Just a Bunch of Goldfish Trying to Climb Trees


Lauren Cohen

Staff Writer

Planted firmly in the library’s group room chairs, Tiana Torkan ‘17,  veteran of the ERB and ISEE, explained passionately and with a sense of purpose, “Standardized testing makes me feel like ****. You are not testing people on if they can think critically, but rather if they can learn information and just regurgitate it on a piece of paper.”

Unsurprisingly, a strikingly similar sentiment is reflected in research studies done on the subject. Several professionals have also spoken out against conventional forms of testing. In his book, Standardized Minds: The High Price Of America’s Testing Culture And What We Can Do To Change It, Peter Stacks describes how standardized testing overly simplifies and reduces “the complex endeavors of teaching and learning” and “tells us little about someone’s real world capabilities in medicine, law, or teaching.” Gerald W. Bracey’s book, Setting the Record Straight: Responses to Misconceptions about Public Education in the U.S. promulgates that standardized tests lack measures of “creativity, critical thinking…. motivation…curiosity….reliability, enthusiasm, empathy, self-awareness… leadership, civic-mindedness, courage… resourcefulness, sense of beauty… honesty, [and] integrity.”

Aaron Feldman ‘18 has something different to say about America’s conventional testing system: “It’s a good way for the government to evaluate the entire student body across the nation and allows students to know how they compare to everyone else so they can know if they are on track.” Feldman is not the only one to believe in the power of objective testing. The Center for Teaching Excellence at University of Illinois At Urbana writes that standardized testing can provide “highly reliable test scores” as well as the ability to think critically, solve problems, and apply principles. Furthermore, The Center For Public Education, a national advocacy group, says that “In many cases multiple-choice tests now require considerable thought… before choosing a bubble.” However, one must keep in mind that everything is relative. The amount of thought that may be perceived as considerable is likely only considerable in relation to the level thought conventionally associated with “right or wrong” standardized tests- which, in the scheme of things, isn’t all that much.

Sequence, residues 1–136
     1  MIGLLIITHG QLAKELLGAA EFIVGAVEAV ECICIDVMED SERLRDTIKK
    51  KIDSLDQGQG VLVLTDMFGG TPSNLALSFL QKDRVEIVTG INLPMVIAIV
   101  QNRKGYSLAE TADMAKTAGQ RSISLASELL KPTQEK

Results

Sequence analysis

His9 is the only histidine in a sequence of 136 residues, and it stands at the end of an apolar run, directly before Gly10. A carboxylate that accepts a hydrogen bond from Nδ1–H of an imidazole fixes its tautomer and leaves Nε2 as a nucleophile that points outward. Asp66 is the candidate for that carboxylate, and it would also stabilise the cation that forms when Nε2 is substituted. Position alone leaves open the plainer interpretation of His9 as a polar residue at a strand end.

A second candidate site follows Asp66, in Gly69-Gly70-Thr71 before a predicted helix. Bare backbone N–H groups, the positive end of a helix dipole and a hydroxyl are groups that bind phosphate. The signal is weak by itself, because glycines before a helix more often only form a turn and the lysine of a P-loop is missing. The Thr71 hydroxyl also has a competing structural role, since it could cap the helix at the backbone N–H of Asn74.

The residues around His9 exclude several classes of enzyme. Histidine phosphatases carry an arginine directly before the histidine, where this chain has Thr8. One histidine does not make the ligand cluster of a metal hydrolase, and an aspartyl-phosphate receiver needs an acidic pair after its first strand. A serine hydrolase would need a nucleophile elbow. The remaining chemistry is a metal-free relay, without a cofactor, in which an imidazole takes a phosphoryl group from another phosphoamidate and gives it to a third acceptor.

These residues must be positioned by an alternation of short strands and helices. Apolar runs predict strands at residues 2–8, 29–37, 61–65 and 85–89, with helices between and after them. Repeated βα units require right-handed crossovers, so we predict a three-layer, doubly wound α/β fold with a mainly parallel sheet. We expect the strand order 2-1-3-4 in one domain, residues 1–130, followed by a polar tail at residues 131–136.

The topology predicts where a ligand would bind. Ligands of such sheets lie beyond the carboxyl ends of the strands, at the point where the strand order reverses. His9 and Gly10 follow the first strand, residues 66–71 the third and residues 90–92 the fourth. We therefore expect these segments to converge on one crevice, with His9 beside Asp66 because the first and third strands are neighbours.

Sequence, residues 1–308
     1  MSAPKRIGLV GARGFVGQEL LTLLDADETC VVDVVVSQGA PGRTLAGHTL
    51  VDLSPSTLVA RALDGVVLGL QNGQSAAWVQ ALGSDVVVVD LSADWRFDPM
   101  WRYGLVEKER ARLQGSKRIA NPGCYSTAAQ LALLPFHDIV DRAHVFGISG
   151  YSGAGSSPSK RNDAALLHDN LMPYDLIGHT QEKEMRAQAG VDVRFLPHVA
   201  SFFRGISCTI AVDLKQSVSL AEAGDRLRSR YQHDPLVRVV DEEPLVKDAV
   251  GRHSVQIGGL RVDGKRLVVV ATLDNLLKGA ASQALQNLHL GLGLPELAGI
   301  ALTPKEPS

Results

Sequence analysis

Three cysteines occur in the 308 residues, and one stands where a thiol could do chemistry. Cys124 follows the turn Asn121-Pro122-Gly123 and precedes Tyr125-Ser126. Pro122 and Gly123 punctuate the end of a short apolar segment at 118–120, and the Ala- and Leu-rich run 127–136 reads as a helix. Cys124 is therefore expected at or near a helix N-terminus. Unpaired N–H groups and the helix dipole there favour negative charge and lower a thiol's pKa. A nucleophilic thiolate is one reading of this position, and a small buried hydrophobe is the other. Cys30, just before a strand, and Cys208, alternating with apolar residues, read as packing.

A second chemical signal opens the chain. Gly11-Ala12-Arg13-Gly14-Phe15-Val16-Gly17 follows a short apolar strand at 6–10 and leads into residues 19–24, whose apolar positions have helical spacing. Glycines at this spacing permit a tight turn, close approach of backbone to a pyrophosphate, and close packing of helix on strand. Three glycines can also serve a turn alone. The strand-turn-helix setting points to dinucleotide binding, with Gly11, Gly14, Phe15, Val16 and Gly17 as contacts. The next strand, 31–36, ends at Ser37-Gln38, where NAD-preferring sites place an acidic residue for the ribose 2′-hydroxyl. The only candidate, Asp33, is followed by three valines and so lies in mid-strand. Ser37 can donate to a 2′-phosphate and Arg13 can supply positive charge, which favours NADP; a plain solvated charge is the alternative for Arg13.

Albert Einstein once said: “Everybody is a genius. But if you judge a fish by its ability to climb a tree, it will live its whole life believing that it is stupid.” And he, my friends- the genius that he is- is so very right. The problem with standardized tests is that they try to place millions of young minds, with distinct sets of perceptions and fears and repulsions and passions and skills and weaknesses into the same box that determines how “valuable” and “useful” each will be to collegiate and professional societies. Every person is a piece of art- a mystery, a cake of draping layers, a web of mind-boggling complexities, a basket of interwoven experiences, a soul, a body, a mind, all of those things combined, and much, much more. Once this art becomes standardized and confined to the black and white fences of A is right, B is wrong, its individuality and beauty becomes repressed and deemed insignificant. Individuals’ complexities are not considered by tests, and later, colleges. Although colleges claim to be interested in applicants’ stories, this becomes relevant only after students’ pass GPA and SAT or ACT benchmarks the school has set.

As each test, 8.5×11, devoid of absurd edges or indents, goes through a robot that scans for lead, circumstantial traits of the test taker are forgotten. Hence, students, forced to play the standardized game that will lead them to “success”, begin to regard their idiosyncrasy as unimportant. Instead of cultivating the intellectual passions that are distinct to one’s character, students are encouraged to incessantly memorize definitions and apply the famed process of elimination. We are implicitly pressured to file our edges and shape our minds to best fill the mold of “perfection” created by colleges. The problem with this, however, is that the absurdities of our mind are what give us the power to impact the world personally. Test scores are momentous measures of “intelligence” that hold the power to make someone feel like either a complete idiot or a genius. However, being a genius is neither fitting society’s definition of intelligence nor getting a 2200 on the SAT, but rather being who you truly are, in every sense, without letting any deciding numerical value make you feel otherwise.